“It’s so exciting when students have a topic in hand, go out into the real world, gather experience, and incorporate it into solving a problem,” said Mr. Walker, who came from Windward School in Los Angeles, where he was director of global studies. “I was looking for a way to impact a school on a wider level, and I’m excited to do that here.”
Mr. Walker, who has twenty years of experience teaching at independent schools and universities, said that beyond a synergy with Hun’s academic philosophy, he’s been impressed by the warm and welcoming atmosphere.
“I have never worked at a place where I feel so warmly welcomed by everyone,” noted Mr. Walker, who lives on campus with his wife, María, and their daughter, Nora. “The students are kind, respectful and thoughtful; they have a wonderful energy. And I was immediately welcomed by the faculty as a new colleague.”
Mr. Walker joins the ranks of Hun instructors with impressive credentials, holding an M.A. from the University of Colorado at Boulder in Spanish literature and an undergraduate degree in Spanish and government from Dartmouth. He has taught at the University of Cincinnati and St. Mary’s Academy in Englewood, Colorado, as well as Windward. At Hun, he’ll teach two sections of Spanish, and perform his duties as faculty dean, which include hiring, professional development, training, and support, and curriculum development, as well as other tasks.
His management style is collaborative, he says, and he encourages teachers to try new things in the classroom, even if it doesn’t result in perfection every time.
“My training in design thinking has taught me to create rigorous processes that allows groups of people to work together in a way that leverages everyone’s creativity,” said Mr. Walker. “I encourage people to have a bias toward action in their teaching, and to not worry about making mistakes.”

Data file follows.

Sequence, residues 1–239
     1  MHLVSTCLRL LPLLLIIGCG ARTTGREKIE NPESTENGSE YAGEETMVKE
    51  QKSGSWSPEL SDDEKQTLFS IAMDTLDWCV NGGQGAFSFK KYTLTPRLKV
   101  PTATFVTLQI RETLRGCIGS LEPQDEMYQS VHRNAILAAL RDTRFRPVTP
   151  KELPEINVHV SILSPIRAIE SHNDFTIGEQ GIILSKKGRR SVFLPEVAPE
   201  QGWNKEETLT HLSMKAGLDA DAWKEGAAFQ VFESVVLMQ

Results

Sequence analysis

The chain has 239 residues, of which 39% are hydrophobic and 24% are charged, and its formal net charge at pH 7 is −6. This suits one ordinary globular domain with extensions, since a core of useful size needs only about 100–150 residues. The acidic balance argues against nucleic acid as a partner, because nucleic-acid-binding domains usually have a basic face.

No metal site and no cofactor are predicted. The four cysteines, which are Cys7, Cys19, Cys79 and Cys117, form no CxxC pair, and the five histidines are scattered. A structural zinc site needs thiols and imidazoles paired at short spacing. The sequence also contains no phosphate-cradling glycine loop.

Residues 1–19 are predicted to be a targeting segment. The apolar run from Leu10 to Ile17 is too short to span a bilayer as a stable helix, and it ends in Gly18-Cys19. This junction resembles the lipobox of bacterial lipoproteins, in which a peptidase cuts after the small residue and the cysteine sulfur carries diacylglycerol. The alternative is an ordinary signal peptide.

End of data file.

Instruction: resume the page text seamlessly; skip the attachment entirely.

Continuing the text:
Mr. Walker has extensive experience in the type of hands-on learning that Hun is known for. At Windward, he team-taught an experiential learning course called Global Studies Honors. In the course’s final chapter on genocide and international responsibility, the unit began with a two-week in-depth study of the Holocaust taught by the education director of the Los Angeles Museum of the Holocaust. That study included a visit to the museum, powerful in-person testimony from a Holocaust survivor, and extensive study of primary source documents from the museum’s collection. This served as the point of departure for research of the Rwandan genocide, and students eventually created short films about that genocide using survivor testimonies from the film archives of University of Southern California’s Shoah Foundation.
With a drastically reduced commute time since moving to the Wilf Family Global Commons on campus (“My commute went from 1.5 hours in California to 1.5 minutes,” he notes wryly,) Mr. Walker has more time to spend with his family, doing things like cooking and reading. They also enjoy traveling to visit his wife’s family in Northern Spain.
“My daughter thinks that the Breen Family Student Center is part of our living space,” noted Mr. Walker with a smile. “She comes home, sits down there, takes off her shoes, and says, ‘Daddy, all the kids came to our house.’ She feels very at home.”